China has churned out several new KJ-500 airborne early warning aircraft, a sign that the nation’s defense industrial base may be rapidly maturing.
Recent satellite images from the Shaanxi Aircraft Corporation’s airfield in Hanzhong, Shaanxi Province, show the company has produced eight fresh KJ-500 early warning aircraft, Defense News reports. The images were captured in mid-December.
That brings the total number of KJ-500s in the People’s Liberation Army-Air Force from four to 12, expert Andreas Rupprecht told the outlet.
The KJ-500 early warning aircraft are fitted with three large active electronically scanned array radars inside of the dome attached to the aircraft’s roof. The radars are said to be products of China’s 38th Research Institute, part of the China Electronics Technology Group Corporation.
The large increase in KJ-500 aircraft demonstrates that the aircraft’s design and technology is sufficiently developed to have become the standard for airborne early warning and control (AEW&C) aircraft for the PLA-AF and People’s Liberation Army-Navy, said Rupprecht, author of the authoritative book “Modern Chinese Warplanes.” Early warning aircraft allow an air force to track the locations of planes flying above and below the tracking airplane over a long range to detect incoming fighter jets or ocean-going vessels.
China has been working on building its own AEW&C jet since the 1960s with relatively little success, according to War is Boring. China has worked on five different types of models. “An air force with one of these planes can see far more — and at much longer ranges — than an enemy without one. But by any measure, five different types of AEW&Cs is a lot,” War is Boring notes. The US Navy has one version, the Grumman E-2 Hawkeye, which is still in service today after being introduced in 1964; the US Air Force has one version, the Boeing E-3 Sentry.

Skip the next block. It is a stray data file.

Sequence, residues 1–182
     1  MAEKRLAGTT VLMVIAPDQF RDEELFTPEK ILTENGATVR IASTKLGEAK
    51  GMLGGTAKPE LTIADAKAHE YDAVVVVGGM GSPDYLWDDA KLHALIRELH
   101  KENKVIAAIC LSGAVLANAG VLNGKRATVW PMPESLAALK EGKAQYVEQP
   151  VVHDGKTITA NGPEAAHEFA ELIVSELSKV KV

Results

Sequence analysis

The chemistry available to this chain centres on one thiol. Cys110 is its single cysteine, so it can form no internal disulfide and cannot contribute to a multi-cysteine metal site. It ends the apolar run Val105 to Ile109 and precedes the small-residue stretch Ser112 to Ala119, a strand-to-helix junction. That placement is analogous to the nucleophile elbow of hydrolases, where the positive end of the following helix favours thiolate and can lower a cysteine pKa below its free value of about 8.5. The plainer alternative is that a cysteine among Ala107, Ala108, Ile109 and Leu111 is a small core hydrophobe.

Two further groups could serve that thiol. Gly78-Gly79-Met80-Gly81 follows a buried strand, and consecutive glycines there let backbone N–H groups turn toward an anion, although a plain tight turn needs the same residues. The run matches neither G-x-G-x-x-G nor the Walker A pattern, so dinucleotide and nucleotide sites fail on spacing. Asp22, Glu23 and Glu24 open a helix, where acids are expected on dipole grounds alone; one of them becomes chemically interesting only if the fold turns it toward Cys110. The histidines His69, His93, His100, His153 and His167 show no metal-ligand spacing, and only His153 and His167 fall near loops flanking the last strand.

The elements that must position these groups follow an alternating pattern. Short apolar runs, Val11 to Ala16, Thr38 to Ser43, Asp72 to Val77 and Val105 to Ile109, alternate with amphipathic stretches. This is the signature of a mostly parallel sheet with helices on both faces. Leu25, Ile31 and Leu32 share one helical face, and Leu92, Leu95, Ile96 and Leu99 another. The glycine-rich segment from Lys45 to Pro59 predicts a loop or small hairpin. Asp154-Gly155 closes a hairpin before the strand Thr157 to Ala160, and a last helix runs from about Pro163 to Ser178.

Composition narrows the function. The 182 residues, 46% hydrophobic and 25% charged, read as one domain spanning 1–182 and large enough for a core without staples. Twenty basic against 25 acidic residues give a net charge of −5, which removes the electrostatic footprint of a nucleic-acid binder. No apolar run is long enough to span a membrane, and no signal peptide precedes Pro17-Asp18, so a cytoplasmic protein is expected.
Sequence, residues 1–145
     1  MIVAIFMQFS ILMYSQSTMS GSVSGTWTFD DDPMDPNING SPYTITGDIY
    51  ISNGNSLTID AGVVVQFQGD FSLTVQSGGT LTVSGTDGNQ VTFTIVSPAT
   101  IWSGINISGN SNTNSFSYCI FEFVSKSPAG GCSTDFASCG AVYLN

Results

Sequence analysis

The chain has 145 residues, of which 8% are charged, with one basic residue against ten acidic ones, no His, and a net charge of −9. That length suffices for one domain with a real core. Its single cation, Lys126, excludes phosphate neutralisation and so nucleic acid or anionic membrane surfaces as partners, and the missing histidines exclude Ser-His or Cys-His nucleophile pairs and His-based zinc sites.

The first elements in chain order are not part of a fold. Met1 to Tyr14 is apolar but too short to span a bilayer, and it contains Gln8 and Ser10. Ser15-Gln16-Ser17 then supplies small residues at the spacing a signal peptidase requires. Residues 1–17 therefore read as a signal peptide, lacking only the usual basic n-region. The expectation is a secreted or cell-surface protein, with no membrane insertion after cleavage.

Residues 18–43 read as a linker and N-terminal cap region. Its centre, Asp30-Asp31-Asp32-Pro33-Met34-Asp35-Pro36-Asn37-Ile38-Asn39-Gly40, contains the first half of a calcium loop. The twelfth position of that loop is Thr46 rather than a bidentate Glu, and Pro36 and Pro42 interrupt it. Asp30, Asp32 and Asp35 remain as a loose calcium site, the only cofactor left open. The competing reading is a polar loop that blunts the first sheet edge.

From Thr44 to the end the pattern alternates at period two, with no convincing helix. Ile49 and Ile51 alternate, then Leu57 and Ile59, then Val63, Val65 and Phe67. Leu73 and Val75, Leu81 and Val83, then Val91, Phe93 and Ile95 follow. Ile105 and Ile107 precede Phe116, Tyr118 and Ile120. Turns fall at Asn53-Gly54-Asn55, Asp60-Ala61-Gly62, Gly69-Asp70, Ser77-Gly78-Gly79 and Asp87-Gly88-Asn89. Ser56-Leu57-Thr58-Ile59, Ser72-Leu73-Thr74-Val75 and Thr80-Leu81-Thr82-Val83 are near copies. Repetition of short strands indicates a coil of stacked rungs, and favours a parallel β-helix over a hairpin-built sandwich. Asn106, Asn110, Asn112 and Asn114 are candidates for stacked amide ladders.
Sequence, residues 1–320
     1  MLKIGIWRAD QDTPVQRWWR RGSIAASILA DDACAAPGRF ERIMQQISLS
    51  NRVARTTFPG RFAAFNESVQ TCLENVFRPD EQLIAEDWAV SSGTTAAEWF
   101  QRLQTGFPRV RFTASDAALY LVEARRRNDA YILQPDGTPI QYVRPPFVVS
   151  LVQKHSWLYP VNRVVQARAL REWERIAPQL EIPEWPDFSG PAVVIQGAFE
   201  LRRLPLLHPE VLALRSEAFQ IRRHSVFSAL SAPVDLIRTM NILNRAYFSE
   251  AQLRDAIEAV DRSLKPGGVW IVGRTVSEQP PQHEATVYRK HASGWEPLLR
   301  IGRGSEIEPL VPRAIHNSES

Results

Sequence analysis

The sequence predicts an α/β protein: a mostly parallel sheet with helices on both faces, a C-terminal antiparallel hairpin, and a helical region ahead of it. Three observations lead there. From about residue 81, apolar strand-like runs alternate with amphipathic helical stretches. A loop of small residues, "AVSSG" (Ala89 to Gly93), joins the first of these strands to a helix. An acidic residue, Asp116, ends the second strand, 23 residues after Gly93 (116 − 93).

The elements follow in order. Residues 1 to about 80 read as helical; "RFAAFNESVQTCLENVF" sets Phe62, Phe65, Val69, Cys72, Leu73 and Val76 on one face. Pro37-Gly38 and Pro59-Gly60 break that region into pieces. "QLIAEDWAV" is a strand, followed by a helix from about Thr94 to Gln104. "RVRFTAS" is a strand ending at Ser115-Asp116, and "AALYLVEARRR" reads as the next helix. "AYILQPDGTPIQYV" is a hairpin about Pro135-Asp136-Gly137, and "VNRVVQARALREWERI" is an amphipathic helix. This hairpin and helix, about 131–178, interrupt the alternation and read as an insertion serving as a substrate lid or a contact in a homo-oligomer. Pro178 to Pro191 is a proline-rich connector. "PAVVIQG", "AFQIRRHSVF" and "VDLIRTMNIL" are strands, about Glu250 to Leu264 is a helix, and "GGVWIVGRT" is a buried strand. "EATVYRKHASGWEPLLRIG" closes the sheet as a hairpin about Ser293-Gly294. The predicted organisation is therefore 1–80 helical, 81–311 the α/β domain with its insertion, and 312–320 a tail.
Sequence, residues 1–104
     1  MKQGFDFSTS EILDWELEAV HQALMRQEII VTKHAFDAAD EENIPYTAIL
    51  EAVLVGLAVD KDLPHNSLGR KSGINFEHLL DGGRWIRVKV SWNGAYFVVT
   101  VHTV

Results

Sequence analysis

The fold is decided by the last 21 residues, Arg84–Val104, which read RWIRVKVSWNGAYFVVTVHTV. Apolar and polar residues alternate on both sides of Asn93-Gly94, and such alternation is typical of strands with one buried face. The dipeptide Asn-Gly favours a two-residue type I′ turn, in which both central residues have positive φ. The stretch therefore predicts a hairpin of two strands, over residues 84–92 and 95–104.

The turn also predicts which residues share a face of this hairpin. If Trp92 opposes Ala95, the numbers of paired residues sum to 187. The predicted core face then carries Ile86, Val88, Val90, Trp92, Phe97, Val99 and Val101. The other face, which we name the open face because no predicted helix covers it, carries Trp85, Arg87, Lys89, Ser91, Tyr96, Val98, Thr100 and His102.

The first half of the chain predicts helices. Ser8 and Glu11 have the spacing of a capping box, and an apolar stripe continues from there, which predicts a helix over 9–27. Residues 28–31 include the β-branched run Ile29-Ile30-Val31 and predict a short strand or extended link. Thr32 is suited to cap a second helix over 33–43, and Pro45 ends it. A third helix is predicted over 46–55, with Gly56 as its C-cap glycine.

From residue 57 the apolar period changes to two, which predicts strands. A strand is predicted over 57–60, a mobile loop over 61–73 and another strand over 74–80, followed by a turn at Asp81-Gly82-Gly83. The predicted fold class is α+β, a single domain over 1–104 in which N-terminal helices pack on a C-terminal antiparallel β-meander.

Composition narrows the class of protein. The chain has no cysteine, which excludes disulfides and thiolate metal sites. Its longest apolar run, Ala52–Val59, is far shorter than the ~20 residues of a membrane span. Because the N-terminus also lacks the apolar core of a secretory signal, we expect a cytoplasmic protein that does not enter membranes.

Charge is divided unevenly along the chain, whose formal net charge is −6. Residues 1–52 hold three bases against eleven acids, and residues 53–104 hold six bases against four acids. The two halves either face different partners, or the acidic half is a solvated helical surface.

China recently announced it was developing a sixth AEW&C plane, the KJ-600. Beijing-based military expert Li Jie said last month that the aircraft can detect Lockheed Martin’s stealthy, fifth-generation F-35 and F-22 aircraft. The KJ-600 is reportedly tailored to carrier-based operations.
Unconfirmed reports have floated since 2016 that Chinese radars are capable of tracking the F-22, when the People’s Liberation Army claimed that it sent warships and helicopters to an area in the East China Sea after detecting the Raptor.
Defense expert Dave Majumdar wrote at the time for the National Interest that “it’s very possible that China can track the Raptor. Stealth is not a cloak of invisibility, after all. Stealthy technology simply delays detection and tracking.”